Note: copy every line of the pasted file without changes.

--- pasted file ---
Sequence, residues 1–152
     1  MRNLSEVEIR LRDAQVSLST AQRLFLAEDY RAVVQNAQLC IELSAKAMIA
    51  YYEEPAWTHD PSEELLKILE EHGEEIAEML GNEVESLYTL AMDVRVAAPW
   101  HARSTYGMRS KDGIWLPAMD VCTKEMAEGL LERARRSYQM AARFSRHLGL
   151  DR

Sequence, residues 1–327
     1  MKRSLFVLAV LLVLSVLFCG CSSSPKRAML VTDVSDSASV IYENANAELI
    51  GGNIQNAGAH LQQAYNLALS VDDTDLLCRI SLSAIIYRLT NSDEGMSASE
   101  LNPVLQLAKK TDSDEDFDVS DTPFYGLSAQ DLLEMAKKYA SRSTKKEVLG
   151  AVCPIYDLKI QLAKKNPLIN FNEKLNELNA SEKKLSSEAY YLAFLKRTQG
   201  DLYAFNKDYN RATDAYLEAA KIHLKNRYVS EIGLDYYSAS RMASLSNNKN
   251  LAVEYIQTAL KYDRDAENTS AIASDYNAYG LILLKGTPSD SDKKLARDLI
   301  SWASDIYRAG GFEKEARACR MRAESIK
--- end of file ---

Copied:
Sequence, residues 1–152
     1  MRNLSEVEIR LRDAQVSLST AQRLFLAEDY RAVVQNAQLC IELSAKAMIA
    51  YYEEPAWTHD PSEELLKILE EHGEEIAEML GNEVESLYTL AMDVRVAAPW
   101  HARSTYGMRS KDGIWLPAMD VCTKEMAEGL LERARRSYQM AARFSRHLGL
   151  DR

Sequence, residues 1–327
     1  MKRSLFVLAV LLVLSVLFCG CSSSPKRAML VTDVSDSASV IYENANAELI
    51  GGNIQNAGAH LQQAYNLALS VDDTDLLCRI SLSAIIYRLT NSDEGMSASE
   101  LNPVLQLAKK TDSDEDFDVS DTPFYGLSAQ DLLEMAKKYA SRSTKKEVLG
   151  AVCPIYDLKI QLAKKNPLIN FNEKLNELNA SEKKLSSEAY YLAFLKRTQG
   201  DLYAFNKDYN RATDAYLEAA KIHLKNRYVS EIGLDYYSAS RMASLSNNKN
   251  LAVEYIQTAL KYDRDAENTS AIASDYNAYG LILLKGTPSD SDKKLARDLI
   301  SWASDIYRAG GFEKEARACR MRAESIK